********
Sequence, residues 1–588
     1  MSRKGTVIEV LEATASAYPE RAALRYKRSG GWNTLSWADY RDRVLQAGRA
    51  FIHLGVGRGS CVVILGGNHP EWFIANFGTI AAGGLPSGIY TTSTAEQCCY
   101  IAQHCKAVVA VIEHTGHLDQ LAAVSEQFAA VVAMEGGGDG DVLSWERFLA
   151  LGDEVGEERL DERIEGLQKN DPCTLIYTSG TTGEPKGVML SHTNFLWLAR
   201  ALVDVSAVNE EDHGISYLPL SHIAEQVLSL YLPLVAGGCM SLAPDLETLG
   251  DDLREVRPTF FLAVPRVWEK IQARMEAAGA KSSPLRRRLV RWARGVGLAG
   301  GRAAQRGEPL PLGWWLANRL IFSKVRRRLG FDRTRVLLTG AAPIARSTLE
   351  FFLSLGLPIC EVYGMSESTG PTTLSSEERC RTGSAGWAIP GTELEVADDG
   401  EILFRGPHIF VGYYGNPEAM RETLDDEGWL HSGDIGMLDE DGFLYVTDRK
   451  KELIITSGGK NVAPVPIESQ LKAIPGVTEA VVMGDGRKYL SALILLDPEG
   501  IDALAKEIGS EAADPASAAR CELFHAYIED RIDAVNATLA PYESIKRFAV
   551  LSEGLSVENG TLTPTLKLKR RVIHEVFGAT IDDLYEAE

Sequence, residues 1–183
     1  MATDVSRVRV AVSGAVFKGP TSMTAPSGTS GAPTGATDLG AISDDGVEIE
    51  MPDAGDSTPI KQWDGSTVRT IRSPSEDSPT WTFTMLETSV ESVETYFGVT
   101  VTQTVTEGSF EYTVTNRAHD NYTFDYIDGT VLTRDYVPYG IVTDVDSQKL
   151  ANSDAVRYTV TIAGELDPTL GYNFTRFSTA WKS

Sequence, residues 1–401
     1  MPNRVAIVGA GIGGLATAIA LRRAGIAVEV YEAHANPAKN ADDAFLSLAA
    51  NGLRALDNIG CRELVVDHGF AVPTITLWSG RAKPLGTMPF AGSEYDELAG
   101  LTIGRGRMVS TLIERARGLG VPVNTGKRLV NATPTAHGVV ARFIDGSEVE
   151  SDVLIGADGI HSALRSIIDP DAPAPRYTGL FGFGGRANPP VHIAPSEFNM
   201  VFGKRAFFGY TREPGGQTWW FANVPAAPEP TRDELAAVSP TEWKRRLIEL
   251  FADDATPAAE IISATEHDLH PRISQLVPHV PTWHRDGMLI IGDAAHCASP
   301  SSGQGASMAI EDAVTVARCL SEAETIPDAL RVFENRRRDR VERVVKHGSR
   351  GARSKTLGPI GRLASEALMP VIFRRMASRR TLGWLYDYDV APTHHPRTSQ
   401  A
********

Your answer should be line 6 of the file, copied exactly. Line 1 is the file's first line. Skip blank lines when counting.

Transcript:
   201  ALVDVSAVNE EDHGISYLPL SHIAEQVLSL YLPLVAGGCM SLAPDLETLG